I managed to advance a bit in SpelunkyRL, even doing an initial version of a level generator based on Spelunky’s legendarily simple 4×4 generator but adapted to a top-down perspective. For some reason, it didn’t click on me… again feeling that 7 days was not enough to do it justice (maybe it’s the zillion of previous half-baked attempts at stuff have finally helped a bit).
So, I found myself against without a direction. I taped again at my head for stuff I had done for previous years which was cool but for some reason didn’t end up fun. I decided to integrate and adapt the Stygian Abyss level generator (tweaking it for the fixed screen 80×22 levels and the monochrome visuals of the game). One of the big things I missed from our Stygian Abyss 2015 7DRL entry was an auto-map or better means to prevent people from getting lost; the combination of the overhead view and the fixed-screen levels seems to work great for that (perhaps centering a game around the notion of how easy it is to get lost isn’t that much of a good idea after all).
Following up on the idea of reusing cool stuff that didn’t work out very well, I decided to do add a hand-crafted overworld, linking the main dungeon and 2 caves initially, and then use the “Epic Quest” generator from Heroes of Noresskia (my not-very-exciting entry for 2019’s challenge). My rationale was that it didn’t work in 2019 because the journey between the points in the map was super dull, the combat system was bare and broken, and the interaction at the actual places on the map was minimal. So maybe if I addressed these 3 things I could put it into proper use.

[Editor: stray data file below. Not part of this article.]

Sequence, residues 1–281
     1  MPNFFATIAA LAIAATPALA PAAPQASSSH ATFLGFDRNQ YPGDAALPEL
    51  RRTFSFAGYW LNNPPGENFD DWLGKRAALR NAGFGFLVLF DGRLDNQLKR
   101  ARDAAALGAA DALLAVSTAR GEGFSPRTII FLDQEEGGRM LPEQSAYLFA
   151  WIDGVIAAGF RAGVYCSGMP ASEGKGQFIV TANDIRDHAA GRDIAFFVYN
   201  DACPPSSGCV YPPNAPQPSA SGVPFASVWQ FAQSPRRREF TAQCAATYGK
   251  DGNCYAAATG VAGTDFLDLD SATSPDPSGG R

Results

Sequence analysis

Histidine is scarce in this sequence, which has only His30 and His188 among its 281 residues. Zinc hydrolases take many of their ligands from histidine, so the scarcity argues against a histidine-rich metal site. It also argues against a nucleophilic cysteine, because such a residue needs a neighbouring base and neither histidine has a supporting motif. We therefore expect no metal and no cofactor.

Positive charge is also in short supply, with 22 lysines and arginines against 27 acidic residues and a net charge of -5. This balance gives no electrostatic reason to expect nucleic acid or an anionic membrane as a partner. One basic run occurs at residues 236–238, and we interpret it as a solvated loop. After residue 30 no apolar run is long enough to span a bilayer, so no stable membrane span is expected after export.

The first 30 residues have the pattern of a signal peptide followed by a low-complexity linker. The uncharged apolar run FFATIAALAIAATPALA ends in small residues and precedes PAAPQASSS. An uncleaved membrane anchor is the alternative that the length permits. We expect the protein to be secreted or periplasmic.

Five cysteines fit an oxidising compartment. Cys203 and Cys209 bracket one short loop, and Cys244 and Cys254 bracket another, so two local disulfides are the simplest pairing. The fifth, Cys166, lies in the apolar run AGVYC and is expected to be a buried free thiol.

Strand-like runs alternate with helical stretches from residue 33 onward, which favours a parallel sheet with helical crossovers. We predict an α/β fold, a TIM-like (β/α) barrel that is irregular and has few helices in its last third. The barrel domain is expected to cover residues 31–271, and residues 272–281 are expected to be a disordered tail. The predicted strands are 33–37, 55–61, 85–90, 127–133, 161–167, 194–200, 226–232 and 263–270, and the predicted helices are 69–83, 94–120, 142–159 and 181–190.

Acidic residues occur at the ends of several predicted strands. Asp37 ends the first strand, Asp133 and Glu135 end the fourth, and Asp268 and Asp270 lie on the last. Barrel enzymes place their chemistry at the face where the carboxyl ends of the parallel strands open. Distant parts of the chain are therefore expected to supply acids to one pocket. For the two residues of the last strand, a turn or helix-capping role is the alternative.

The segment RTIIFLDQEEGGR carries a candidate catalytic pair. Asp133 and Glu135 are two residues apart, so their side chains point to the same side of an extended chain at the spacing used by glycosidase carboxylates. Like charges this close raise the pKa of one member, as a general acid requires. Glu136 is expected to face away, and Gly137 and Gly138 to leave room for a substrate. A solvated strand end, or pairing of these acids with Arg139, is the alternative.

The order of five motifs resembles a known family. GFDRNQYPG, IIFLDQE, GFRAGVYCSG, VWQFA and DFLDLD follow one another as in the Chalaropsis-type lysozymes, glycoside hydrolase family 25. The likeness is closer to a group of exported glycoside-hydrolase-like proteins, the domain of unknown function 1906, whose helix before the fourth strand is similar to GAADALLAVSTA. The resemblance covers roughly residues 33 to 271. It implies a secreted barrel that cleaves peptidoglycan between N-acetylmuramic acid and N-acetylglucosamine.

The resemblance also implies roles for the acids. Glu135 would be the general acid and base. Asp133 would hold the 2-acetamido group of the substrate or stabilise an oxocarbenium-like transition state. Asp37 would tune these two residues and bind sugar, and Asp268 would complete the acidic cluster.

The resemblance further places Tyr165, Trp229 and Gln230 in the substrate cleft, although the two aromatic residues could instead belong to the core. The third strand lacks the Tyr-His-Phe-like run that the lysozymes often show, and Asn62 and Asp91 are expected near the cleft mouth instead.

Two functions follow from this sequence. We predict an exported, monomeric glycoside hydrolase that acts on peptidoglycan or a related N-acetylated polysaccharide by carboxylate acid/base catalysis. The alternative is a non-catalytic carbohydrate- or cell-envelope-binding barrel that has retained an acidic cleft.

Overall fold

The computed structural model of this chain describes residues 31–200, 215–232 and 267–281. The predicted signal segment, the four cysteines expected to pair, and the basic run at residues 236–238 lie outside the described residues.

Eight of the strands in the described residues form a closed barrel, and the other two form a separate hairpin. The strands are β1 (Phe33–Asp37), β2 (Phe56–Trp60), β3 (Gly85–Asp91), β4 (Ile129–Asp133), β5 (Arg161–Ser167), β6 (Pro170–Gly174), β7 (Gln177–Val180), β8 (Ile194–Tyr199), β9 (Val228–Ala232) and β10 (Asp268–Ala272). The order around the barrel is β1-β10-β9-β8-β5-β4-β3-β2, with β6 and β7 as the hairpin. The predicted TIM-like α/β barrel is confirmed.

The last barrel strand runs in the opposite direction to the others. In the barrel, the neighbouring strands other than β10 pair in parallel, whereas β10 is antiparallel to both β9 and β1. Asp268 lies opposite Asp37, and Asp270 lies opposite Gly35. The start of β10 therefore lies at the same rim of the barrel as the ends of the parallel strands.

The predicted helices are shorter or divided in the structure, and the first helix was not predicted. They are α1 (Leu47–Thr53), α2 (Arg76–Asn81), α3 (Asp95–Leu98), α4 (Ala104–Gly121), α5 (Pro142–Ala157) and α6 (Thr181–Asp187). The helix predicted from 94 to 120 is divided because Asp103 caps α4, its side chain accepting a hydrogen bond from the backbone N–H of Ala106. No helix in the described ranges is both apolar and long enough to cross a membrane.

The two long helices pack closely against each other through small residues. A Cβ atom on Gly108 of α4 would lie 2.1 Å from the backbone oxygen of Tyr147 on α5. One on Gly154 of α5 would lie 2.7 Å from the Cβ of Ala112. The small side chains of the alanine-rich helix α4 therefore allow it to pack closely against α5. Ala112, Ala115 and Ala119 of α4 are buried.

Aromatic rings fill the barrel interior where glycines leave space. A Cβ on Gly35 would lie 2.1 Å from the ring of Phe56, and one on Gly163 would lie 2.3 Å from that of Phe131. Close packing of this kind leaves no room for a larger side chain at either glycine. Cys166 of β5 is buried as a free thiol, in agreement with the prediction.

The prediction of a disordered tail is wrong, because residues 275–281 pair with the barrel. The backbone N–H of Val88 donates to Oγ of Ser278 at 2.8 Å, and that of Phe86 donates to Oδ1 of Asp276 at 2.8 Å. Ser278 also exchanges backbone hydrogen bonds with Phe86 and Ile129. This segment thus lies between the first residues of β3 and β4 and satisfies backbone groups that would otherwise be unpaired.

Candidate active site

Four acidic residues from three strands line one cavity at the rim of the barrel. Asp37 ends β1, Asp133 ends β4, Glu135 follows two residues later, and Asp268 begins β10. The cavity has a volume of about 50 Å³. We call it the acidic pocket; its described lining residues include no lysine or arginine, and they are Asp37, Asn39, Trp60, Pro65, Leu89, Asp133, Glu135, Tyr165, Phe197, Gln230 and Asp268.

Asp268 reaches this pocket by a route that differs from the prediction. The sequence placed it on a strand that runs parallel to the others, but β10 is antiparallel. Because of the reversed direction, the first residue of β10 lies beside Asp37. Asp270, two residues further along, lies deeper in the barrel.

In the end, I dropped the idea mainly because… maybe the “Epic Quest” generator wasn’t really that good for starters? I think we are still a long way from generating interesting plot-lines, and any efforts to do it will ultimately suffer from the “cheap content” curse and be undervalued by players. I decided to instead go for a more straightforward and fixed plot. However, I retained the idea of a fixed overworld, grabbing inspiration from classic ADoM’s Drakalor Chain (but it’s a valley, similar to my hometown’s).